Rep. Dan New House of Washington, one of 10 House Republicans who voted to impeach President Donald J. Trump for instigating the Jan. 6 Capitol attack, is set to secure a top-two finish in a crowded election. Elementary will go into November’s general election seeking a fifth term, according to the Associated Press. He will face Democratic businessman Doug White, who was narrowly behind him as of Friday night.
Under Washington’s election law, the top two candidates in the primary, regardless of party affiliation, can run in the general election. The race for Washington’s Fourth Congressional District was contested by seven Republicans, including Mr. Newhouse and one Democrat, Mr. White.
Newhouse, 66, angered Trump and local Republicans after backing Trump’s second impeachment.
A hop and alfalfa grower, Mr. Newhouse served as Trump’s vice chairman of Washington state’s 2020 re-election campaign. But after the impeachment vote, six Republican county governors in his district called for his resignation.
Mr. Newhouse — who, like his father, was a state legislator — rejected the demands, saying he remained a conservative Republican and urged the party to focus instead on holding a Biden administration accountable.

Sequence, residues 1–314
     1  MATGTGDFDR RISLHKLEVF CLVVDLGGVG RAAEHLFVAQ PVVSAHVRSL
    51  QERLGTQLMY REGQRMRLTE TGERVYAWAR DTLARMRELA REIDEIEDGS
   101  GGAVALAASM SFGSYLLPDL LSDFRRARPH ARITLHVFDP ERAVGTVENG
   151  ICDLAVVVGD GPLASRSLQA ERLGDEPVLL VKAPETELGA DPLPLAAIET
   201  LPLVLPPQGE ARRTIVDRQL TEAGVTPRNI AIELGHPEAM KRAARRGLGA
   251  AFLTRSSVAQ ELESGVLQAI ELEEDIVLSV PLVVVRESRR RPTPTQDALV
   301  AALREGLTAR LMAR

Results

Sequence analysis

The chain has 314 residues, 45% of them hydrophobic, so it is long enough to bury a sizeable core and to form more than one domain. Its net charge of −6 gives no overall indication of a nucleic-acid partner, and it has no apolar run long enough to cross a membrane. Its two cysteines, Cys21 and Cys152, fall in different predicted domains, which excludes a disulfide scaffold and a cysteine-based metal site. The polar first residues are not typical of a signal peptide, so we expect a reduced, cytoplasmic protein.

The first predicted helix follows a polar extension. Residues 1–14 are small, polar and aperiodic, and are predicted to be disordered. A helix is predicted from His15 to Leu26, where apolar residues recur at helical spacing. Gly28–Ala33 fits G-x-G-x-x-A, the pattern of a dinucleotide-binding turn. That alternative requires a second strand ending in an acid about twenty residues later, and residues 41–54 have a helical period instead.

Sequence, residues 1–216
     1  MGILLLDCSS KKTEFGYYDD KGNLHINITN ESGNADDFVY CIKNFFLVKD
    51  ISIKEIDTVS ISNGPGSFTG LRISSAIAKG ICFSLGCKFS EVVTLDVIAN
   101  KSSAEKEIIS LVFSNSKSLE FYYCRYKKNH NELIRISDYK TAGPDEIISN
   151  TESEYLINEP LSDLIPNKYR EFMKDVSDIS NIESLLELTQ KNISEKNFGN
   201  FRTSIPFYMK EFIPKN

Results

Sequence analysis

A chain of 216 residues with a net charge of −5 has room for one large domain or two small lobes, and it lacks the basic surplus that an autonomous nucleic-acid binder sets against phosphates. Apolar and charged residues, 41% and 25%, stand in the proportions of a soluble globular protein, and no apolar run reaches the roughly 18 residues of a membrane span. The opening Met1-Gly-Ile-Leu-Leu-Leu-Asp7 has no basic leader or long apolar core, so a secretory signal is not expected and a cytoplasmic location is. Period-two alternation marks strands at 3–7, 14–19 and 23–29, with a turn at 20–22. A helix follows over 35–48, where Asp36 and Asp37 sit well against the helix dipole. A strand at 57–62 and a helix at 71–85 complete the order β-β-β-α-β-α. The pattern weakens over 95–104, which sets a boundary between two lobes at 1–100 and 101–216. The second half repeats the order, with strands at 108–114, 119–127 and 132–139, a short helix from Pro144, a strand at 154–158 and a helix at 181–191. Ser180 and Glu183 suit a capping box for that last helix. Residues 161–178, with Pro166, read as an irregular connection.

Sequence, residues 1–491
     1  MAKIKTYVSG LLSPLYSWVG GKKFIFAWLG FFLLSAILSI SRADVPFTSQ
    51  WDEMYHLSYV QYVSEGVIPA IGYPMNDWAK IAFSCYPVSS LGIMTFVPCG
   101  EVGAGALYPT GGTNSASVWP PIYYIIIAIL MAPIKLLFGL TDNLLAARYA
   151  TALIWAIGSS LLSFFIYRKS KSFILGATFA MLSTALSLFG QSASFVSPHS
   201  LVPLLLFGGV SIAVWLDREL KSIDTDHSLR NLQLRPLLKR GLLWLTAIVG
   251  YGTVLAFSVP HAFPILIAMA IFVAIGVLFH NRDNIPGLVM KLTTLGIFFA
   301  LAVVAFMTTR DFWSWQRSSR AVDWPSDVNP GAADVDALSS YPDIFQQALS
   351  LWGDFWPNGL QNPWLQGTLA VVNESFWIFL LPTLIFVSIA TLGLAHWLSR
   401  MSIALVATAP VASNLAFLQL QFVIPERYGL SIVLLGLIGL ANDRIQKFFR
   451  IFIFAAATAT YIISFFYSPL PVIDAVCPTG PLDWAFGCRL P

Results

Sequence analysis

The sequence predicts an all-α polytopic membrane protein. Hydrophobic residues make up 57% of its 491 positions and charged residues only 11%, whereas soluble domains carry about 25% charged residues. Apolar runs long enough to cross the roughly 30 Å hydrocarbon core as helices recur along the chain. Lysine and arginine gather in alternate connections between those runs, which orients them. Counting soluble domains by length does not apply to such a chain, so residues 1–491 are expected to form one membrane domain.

According to ad tracking firm AdImpact, he was backed by the Defending Main Street super PAC, which ran an ad campaign worth about $500,000.
Super PAC’s Highest-Rated TV Ads be attacked Mr Newhouse’s Trump-backed challenger, Loren Culp, has accused him of “paying out of pocket” with campaign donations over the unpaid corporate tax bill.
Mr. Culp, the former police chief of the Washington Republic, has made arguing over Mr. Trump’s defeat in 2020 one of his top campaign issues, and has pledged to dismantle the education department and fight the vaccine mandate. He is the Republican nominee in the 2020 gubernatorial race, a race he never conceded despite losing to Gov. Jay Inslee by more than 13 percentage points.
Culp had raised just $310,700 as of July 13, according to campaign finance reports. That’s a fraction of the $1.6 million Mr. Newhouse raised and trails another Republican, Jerrod Sessler, who raised $508,900.
Mr. Cessler, a Navy veteran and former NASCAR driver, has invested more than $350,000 of his own money in the race. He said he attended Mr Trump’s “Stop the Stealing” rally on Jan. 6 and went to the Capitol with thousands of other supporters, but did not enter the building.
“I’m running because our rights, right now, for people alive in America today, are being stolen,” Mr Cessler said. tell a spokesperson to comment. “Literally. I think the 2020 election is the biggest heist in the history of the world.”
Mr White, who raised $390,700, describes himself as a moderate politician who is motivated to seek federal office after the congressional riots. Mr White, who campaigned in a Republican-majority area, did not mention his party affiliation in his only TV ad, but used it to promote a platform that included cutting costs, reforming immigration and “making our communities safer” “.
other republicans candidate are Marketing Director Corey Gibson; Benancio Garcia III, former state Department of Agriculture loan specialist; Jacek Kobiesa, mechanical engineer; and Brad Clippert, state representative and deputy for the Benton County Sheriff’s Office Klippert).